Looking ahead to 2020, Cerulli Associates believes that the advisory industry will face several critical challenges, including shrinking adviser headcount, aging client bases, and retirement regulation designed to keep 401(k) assets in plans.
In response to these challenges, advisers will team up to attract fewer, wealthier clients; large practices will increasingly centralize and specialize roles and responsibilities; and capacity strains will amplify the importance of segmentation, services models, and technology, Cerulli says in its report, “Intermediary Distribution 2015 A Five-Year Outlook on Distribution.”
Asset managers will contend with a heightened cost of distribution in 2020 as a result of the rise of passive strategies, broker/dealer (B/D) negotiating power, turnover rates in adviser-controlled portfolios, and the pursuit of the fast-growing registered investment adviser (RIA) channel. Cerulli believes that external wholesaling teams will decrease or stagnate in quantity, and they will evolve to engage advisers in a more consultative and institutional-like manner.
As the sales process becomes more institutional-like and adviser teams become larger, wholesalers will need to take a more consultative sales approach. Wholesalers will need to understand the adviser’s broader goals and objectives, and take a softer and longer-term approach than many are used to taking. This means asking probing questions, identifying needs and helping to solve problems, and positioning a product within a broader competitive landscape, Cerulli says.
According to Cerulli’s research, approximately 88% of national sales managers (NSMs) expect to at least moderately boost resources dedicated to the RIA channel. More than half of NSMs plan to heighten their focus on the defined contribution investment only (DCIO) channel.NEXT: Changing focus
Approximately 13% of NSMs indicate having dropped a partner relationship in the past 12 months, and nearly two-thirds (63%) are currently evaluating distributor relationships.
Approximately three-quarters of key accounts and NSMs view improving the return on investment analysis of focus firms as a moderate or major priority. Increasing or refocusing key accounts resources as the influence and cost of largest distributors grows was cited as a major priority by half of NSMs and one-third of key accounts managers.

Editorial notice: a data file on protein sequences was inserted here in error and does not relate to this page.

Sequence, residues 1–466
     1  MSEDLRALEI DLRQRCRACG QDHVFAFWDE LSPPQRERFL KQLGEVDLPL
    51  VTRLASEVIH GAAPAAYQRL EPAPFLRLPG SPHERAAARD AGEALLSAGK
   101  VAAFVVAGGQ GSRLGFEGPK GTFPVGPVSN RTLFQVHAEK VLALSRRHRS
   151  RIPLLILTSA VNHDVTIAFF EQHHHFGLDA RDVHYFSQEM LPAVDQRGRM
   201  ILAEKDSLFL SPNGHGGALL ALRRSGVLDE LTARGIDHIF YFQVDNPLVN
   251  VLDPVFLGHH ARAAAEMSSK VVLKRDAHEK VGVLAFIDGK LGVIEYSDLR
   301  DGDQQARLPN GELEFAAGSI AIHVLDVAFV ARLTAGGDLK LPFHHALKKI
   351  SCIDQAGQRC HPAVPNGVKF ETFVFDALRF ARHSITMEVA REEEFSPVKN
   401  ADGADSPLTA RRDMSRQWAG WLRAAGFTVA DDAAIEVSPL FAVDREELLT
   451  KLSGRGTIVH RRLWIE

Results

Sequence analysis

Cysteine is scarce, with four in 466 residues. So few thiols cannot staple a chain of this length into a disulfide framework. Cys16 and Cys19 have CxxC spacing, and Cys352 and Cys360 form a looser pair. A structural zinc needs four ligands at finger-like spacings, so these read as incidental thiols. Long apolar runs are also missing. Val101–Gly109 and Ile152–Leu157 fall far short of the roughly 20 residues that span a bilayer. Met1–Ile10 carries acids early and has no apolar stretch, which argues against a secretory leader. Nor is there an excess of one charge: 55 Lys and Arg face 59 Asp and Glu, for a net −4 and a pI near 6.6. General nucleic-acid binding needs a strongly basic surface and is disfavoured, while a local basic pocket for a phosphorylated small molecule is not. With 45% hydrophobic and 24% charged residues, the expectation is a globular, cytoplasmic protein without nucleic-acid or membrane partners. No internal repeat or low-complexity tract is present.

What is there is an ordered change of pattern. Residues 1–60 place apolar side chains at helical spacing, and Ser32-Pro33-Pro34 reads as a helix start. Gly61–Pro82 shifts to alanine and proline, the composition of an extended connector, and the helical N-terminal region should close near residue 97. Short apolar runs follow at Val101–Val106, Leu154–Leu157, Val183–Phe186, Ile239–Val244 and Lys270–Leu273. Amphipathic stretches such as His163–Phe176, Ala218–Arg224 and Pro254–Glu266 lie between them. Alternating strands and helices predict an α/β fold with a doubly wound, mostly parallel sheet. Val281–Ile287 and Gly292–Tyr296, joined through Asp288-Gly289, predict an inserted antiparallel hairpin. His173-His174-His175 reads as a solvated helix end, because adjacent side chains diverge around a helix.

More than half (57%) of all advisers report implementing some form of tactical allocation or overlay within their client portfolios. This proportion increases to 65% of advisers when considering mega teams with more than $500 million in assets under management (AUM). Nearly half (45%) of advisory practices with more than $500 million in AUM report employing at least one investment analyst or chief investment officer (CIO), compared with 18% for all advisory practices.
“As large, multi-advisor teams grow, they centralize and specialize roles and responsibilities to increase efficiency and the depth and breadth of their service offerings. As a result, their investment processes become more formalized,” says Kenton Shirk, associate director at Cerulli. “It’s a much longer and softer sales cycle. But given the propensity for these teams to be using models, an allocation win can mean a sizeable flow of new assets across a practice’s client base. Wholesalers will need to interface with gatekeepers, including senior-level analysts operating within advisory practices.”
More information about the Cerulli Assocates report and how to purchase a copy is here.